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Realignment Today: What's next for the Big 12, Notre Dame and others now that the BCS is one step closer to a new format?


Counting today, there are just 10 days remaining in the month of June and, after yesterday, we finally appear to be getting somewhere with the proposed BCS changes.

You know what that means. Once a final decision on some kind of four-team playoff is made, that could get the conference realignment cards shuffling once again and that could mean busy times for the Big 12 Conference.

On Wednesday, conference realignment darling Orangebloods.com ran with a story citing sources who told the site that Notre Dame was moving closer to taking its Olympic sports to the Big 12, a move that, clearly, would pave the way for Notre Dame’s powerhouse football program to someday join them.

Here’s a look at that article:


Not long after it was released, Notre Dame athletic director Jack Swarbrick offered his thoughts on the BCS news and talked briefly about the Orangebloods report.

Included in his comments were this quote about the Orangebloods report: “I have no idea what prompted that. It is not based on any discussion, any meeting, anything we have done.”

Here’s a quick recap from Chuck Carlton of the Dallas Morning News:


Many sources have told me throughout the past couple of months that finalizing the BCS changes was a major hurdle that had to be cleared before the Big 12 would even seriously consider expansion. In May, multiple Big 12 officials and athletic directors were united in their stance that the league was happy with 10 schools and was not actively looking to expand.

True as that may be, at least a couple of them also told me that the league always has its eyes and ears open and admitted that circumstances could arise that would entice the league to look harder at going back to 12 or beyond.

A move by Notre Dame — even if it’s just the Olympic sports for now — could be such a move. And, of course, it’s always wise to keep an eye on what’s happening in the ACC with schools like Clemson, Florida State and Georgia Tech, all of which have been rumored to have entertained the idea of kicking the Big 12’s tires.

Of course, if the final change to the BCS simply requires that the selection committee selects the four best teams in the country to play for the national title each year, there would not be nearly as much of a sense of urgency on Notre Dame's end to tie itself to a conference. That would certainly decrease the likelihood of any Big 12 expansion - at least a little.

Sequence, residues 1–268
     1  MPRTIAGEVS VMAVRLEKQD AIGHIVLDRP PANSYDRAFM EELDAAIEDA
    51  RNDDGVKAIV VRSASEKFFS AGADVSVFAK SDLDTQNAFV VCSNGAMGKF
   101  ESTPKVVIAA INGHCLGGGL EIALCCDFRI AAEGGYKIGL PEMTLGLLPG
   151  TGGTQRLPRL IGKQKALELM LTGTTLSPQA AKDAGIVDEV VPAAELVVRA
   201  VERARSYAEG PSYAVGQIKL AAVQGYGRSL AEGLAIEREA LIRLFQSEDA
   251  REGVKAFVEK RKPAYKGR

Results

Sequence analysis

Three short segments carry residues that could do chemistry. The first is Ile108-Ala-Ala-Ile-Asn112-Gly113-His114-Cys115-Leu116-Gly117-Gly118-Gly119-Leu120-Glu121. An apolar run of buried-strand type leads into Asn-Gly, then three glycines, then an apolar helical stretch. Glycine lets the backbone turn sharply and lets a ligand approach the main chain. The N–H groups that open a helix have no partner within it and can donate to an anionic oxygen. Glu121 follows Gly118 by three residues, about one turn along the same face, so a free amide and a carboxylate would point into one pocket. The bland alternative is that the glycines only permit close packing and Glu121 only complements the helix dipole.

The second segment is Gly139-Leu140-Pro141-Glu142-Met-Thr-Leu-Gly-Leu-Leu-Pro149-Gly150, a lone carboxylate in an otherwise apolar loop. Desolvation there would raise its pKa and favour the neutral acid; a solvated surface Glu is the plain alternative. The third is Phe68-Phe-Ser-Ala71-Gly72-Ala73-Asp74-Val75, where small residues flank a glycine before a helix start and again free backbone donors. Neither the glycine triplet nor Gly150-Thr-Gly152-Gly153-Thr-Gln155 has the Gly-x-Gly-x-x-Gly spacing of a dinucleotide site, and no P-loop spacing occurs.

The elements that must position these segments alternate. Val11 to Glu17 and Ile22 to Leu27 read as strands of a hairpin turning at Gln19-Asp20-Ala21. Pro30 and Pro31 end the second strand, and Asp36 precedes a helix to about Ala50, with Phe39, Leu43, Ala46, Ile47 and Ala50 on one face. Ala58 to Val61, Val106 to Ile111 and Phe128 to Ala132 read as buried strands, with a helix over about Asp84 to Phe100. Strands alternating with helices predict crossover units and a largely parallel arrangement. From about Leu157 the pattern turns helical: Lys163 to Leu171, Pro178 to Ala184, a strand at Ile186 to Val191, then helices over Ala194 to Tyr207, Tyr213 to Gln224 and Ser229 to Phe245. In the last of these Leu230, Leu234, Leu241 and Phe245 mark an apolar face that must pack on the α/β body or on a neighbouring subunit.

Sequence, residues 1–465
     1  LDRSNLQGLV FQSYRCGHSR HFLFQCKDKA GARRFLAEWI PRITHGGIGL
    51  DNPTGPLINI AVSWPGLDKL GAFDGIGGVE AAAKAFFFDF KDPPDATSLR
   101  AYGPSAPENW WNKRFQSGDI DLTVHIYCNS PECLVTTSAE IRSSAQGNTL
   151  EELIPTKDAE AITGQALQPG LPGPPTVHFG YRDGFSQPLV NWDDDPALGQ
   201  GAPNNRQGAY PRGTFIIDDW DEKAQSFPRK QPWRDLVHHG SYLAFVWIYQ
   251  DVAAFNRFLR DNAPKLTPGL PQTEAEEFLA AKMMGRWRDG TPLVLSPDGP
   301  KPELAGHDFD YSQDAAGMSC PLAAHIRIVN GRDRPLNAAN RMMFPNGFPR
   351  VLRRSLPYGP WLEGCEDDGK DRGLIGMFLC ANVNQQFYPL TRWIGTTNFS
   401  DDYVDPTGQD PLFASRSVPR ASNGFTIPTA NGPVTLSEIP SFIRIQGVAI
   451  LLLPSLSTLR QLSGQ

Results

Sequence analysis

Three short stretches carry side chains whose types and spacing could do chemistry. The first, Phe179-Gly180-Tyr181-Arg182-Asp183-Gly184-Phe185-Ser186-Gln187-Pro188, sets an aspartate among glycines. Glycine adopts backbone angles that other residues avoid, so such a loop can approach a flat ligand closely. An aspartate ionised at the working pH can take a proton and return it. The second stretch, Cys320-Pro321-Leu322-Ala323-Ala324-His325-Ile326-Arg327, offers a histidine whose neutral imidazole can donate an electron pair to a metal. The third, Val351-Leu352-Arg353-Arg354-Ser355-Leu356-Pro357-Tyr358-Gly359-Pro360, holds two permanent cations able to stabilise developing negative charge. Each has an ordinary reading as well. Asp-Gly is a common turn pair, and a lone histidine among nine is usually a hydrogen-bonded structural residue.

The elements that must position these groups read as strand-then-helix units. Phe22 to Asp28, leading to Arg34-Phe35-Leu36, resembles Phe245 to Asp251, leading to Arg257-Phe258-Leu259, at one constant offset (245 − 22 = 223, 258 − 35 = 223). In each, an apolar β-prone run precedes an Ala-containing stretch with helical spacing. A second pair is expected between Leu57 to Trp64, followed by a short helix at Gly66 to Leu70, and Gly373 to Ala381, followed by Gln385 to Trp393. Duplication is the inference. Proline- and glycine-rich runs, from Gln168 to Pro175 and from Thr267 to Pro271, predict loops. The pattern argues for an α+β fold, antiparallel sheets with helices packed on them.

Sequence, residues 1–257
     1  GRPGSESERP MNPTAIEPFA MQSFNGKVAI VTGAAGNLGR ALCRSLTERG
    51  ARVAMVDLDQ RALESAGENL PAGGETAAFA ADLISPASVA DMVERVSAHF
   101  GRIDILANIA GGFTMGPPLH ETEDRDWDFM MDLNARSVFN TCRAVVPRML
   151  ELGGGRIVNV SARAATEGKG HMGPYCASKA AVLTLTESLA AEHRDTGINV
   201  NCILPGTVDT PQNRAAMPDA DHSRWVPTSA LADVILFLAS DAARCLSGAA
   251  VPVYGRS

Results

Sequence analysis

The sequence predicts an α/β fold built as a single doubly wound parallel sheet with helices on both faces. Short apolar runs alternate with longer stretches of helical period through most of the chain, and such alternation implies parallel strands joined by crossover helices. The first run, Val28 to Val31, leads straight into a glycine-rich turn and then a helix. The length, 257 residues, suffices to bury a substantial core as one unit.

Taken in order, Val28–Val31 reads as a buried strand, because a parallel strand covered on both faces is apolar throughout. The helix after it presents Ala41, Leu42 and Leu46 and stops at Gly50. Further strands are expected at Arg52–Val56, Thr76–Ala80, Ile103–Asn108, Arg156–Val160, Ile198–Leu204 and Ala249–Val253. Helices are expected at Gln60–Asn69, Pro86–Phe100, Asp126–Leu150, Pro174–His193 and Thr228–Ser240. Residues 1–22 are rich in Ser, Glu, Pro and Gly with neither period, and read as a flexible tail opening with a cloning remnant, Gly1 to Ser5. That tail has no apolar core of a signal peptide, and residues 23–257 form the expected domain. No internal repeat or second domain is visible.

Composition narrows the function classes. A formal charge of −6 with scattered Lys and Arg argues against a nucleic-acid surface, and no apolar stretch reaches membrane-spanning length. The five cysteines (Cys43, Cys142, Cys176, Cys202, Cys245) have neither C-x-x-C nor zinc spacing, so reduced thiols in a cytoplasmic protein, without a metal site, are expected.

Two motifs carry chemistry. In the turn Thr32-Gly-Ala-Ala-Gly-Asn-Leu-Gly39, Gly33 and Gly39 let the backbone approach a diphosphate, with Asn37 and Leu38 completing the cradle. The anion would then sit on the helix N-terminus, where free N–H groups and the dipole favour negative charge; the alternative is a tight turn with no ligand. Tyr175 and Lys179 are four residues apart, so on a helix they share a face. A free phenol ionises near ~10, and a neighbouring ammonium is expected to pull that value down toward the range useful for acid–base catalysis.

Here’s a good look at Notre Dame’s belief that it could flourish in the new BCS format from the Chicago Tribune’s Brian Hamilton. Interestingly enough, the Big 12 is not mentioned anywhere in Hamilton’s piece.


As for where we stand with the BCS, here the take from SI.com’s Stewart Mandel on why the BCS commissioners’ adoption of a proposal for a four-team playoff determined by a selection committee is a step in the right direction.


Here's another look at what went down with the BCS on Wednesday:


From here, the new BCS format still must be approved by the presidential oversight committee, which is expected to meet sometime next week.

Once that happens — assuming it does — things could really begin to get interesting. Of course, there remains the strong possibility that things could remain quiet on the realignment front.

Stay tuned...


Richard Payton 5 years, 5 months ago

Why might the Big 12 tell Notre Dame no to this?

bradh 5 years, 5 months ago

Matt, you mention "Notre Dame was moving closer to taking its Olympic sports to the Big 12, a move that, clearly, would pave the way for Notre Dame’s powerhouse football program to someday join them." I agree that it would make it easier for Notre Dame to join the Big 12 for football if their other teams were already here, but everyone thought the same thing when Notre Dame joined the Big East. It seems much more likely to me that Notre Dame is using the Big 12 like they used the Big East, as an easy way to provide schedules for their non-football sports while maintaining football independence. What does the Big 12 gain, other than imbalanced schedules and some mediocre teams, if Notre Dame joins the conference with only it's non-football sports?

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